In 1996, a young marine corporal named Joey Mora was standing on a platform of an aircraft carrier patrolling the Iranian Sea. Incredibly, he fell overboard. His absence was not known for 36 hours. A search and rescue mission began, but was given up after another 24 hours. No one could survive in the sea without even a lifejacket after 60 hours. His parents were notified that he was "missing and presumed dead. Yet two days later Four Pakistani fishermen found him, treading water. He was delirious. His tongue was dry and cracked and his throat parched. He said it was God who kept him struggling to survive. What was the most excruciating thing of all? Joey said that the one thought that took over his body and pounded in his brain was "Water!" [NBC Dateline: Nov. 1998]
Physical thirst is a terrible thing. Extreme dehydration damages organs, especially the brain, and quickly leads to death. Water is the main component of our body, and is involved in its smooth running – to carrying nutrients to and waste materials away from cells, to regulating body temperature. On average, with right conditions, we could only survive 3-5 days, 12 days in extreme cases, without water. It has been predicted, that with the effects of climate change, water will become more precious than oil, and the conflicts of the future will be over clean, fresh water. According to a UN Report -- one out of 10 persons in our world lack access to clean water -- Six of the world’s seven billion people have mobile phones – but only 4.5 billion have a toilet – actually it is the lack of water to flush and a sewage system for waste to be flushed into.
From our lessons today we see that the need for water is paramount on everyone’s mind - from the people of Israel crossing the wilderness, to Jesus and his disciples traveling through the hostile territory of Samaria. The people of Israel have been freed from slavery in Egypt. They’ve reached camp; they are thirsty and there is no water to be seen. Here, in the wilderness, they are realizing the price of freedom which is stirring up a deep thirst in them. So they quarrel and they blame Moses for their predicament. Even Moses fears for his life. Eventually God sends Moses and the elders and commands Moses to strike the rock at Horeb, through which God provides water.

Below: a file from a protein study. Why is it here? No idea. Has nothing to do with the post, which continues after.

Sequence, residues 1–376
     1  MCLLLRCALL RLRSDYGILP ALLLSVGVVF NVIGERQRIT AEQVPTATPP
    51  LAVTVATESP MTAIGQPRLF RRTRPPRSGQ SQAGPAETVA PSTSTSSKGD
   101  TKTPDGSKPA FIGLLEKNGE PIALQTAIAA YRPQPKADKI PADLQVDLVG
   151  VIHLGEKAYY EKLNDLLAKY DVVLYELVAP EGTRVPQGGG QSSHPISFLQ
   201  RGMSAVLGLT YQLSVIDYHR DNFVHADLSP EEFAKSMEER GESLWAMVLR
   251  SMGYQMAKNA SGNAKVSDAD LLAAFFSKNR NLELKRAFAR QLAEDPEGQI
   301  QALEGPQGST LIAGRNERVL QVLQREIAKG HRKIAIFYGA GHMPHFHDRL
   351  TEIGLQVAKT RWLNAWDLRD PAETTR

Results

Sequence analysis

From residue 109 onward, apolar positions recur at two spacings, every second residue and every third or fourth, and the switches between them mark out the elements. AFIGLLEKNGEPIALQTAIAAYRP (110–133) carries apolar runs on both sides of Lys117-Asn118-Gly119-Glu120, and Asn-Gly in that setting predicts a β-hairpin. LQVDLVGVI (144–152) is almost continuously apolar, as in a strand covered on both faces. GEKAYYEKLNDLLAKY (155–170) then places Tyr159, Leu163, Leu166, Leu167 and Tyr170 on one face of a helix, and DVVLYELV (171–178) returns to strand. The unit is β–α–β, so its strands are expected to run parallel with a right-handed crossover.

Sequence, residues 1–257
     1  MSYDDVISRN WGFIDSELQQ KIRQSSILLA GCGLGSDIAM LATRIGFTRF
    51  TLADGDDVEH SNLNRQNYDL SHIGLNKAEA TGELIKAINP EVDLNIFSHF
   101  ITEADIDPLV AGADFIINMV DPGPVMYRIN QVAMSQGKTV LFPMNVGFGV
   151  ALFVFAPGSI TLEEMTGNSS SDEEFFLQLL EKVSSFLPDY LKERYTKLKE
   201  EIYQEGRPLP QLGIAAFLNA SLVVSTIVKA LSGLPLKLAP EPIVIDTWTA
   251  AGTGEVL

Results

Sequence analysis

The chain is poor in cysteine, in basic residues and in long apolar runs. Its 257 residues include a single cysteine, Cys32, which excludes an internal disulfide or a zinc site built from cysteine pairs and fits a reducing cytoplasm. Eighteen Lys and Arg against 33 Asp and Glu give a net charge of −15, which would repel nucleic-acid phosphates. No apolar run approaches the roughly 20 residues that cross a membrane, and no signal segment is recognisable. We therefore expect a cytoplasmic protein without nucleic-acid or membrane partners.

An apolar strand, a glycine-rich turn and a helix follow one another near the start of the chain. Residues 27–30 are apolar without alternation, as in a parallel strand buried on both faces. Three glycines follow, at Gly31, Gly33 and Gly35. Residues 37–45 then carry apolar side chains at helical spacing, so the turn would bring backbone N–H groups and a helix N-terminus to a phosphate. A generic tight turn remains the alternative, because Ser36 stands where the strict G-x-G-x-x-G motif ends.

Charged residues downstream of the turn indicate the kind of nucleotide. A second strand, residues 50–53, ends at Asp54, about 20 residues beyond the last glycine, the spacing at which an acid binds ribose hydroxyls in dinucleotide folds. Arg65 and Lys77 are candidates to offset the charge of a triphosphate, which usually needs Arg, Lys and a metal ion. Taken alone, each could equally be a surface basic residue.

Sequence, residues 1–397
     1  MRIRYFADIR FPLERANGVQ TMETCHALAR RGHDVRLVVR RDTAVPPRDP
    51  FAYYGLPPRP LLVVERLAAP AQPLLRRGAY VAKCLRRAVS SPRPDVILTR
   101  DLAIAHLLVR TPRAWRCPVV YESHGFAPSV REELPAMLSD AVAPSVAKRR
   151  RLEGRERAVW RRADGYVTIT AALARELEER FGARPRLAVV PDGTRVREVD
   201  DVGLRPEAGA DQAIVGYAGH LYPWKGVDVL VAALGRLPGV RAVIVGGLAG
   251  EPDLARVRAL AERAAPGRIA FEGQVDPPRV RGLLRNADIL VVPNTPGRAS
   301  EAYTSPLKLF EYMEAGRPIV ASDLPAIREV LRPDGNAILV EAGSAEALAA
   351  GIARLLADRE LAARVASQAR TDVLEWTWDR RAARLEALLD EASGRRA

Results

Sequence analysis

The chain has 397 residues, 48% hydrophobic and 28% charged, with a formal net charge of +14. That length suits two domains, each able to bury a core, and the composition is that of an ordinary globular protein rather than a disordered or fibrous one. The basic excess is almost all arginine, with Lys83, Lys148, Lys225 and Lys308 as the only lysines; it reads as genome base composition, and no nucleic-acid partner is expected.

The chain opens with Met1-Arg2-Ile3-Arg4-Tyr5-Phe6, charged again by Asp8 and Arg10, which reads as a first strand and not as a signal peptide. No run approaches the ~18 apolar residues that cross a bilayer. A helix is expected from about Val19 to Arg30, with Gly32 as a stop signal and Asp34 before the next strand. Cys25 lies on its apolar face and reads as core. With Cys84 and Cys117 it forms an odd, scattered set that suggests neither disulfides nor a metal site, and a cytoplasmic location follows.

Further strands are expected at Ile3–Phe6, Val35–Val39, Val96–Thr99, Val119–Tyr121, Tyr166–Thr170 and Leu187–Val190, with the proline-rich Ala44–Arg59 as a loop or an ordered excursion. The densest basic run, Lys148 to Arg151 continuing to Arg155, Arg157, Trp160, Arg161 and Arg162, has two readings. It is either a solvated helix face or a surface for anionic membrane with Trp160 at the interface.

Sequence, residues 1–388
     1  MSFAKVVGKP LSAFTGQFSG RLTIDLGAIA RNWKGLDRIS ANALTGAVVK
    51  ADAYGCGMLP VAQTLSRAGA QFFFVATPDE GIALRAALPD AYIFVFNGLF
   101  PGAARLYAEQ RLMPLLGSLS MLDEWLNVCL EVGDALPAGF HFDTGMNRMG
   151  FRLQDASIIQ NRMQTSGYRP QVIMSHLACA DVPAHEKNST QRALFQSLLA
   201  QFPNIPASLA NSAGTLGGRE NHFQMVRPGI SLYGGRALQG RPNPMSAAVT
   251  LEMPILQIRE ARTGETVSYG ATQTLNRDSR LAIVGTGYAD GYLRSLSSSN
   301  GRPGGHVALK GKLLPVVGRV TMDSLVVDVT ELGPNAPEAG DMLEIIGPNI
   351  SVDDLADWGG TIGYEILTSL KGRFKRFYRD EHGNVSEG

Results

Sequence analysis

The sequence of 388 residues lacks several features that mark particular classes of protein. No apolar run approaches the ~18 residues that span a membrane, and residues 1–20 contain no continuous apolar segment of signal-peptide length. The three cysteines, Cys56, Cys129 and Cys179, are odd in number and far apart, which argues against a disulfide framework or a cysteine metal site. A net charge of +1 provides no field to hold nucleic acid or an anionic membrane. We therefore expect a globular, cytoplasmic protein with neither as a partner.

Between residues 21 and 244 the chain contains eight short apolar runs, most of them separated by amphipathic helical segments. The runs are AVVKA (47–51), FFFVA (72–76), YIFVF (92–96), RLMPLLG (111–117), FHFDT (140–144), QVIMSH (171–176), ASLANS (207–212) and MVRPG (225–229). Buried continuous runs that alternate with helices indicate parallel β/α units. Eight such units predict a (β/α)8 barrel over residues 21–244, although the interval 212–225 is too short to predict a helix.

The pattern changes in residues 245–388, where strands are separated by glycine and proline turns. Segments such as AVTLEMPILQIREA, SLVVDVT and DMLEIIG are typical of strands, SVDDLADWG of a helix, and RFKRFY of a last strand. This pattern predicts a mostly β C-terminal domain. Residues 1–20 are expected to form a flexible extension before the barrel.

Thirst can bring out the worst in people. And it is the leadership here who get the brunt of the people’s frustration and needs. It is a good reminder to us that when Moses and the elders find themselves “in hot water,” they exemplify true leadership—they do not retaliate or start fights with the people. Instead they take their problems to God, and allow God to provide the solution. God gives the people water. A good protocol to keep upfront as Union’s leadership expands.
In the gospel of John, we see a different kind of thirst. Jesus and his disciples have entered Sychar, unfriendly, Samaritan territory. – Samaritans and Jews had centuries-old bad blood – so there was no welcome party here for the famous rabbi and his disciples. Jesus was tired from the journey and he was thirsty. A Samaritan woman comes at noon to the well, and Jesus initiates a conversation with her. He asks her for water. Already there are unusual things afoot: A woman comes alone at noon, instead of morning, to draw water – and Jesus publically addresses a woman, and a Samaritan, no less. Thus begins the longest dialogue of Jesus in the gospels – around water, thirst, life’s priorities. All this with a woman enslaved to the judgments of her day—judged an outcast as a Samaritan, judged an outcast because she’s had five husbands—and currently living with a fellow without the benefits of marriage. Jesus does not judge her or condemn her. He treats her like an intelligent, worthy human being. Legend names this woman Photene – meaning the enlightened one -- who not only engages Jesus in a thoughtful, lively manner, but ends up becoming the first Samaritan missionary of the good news.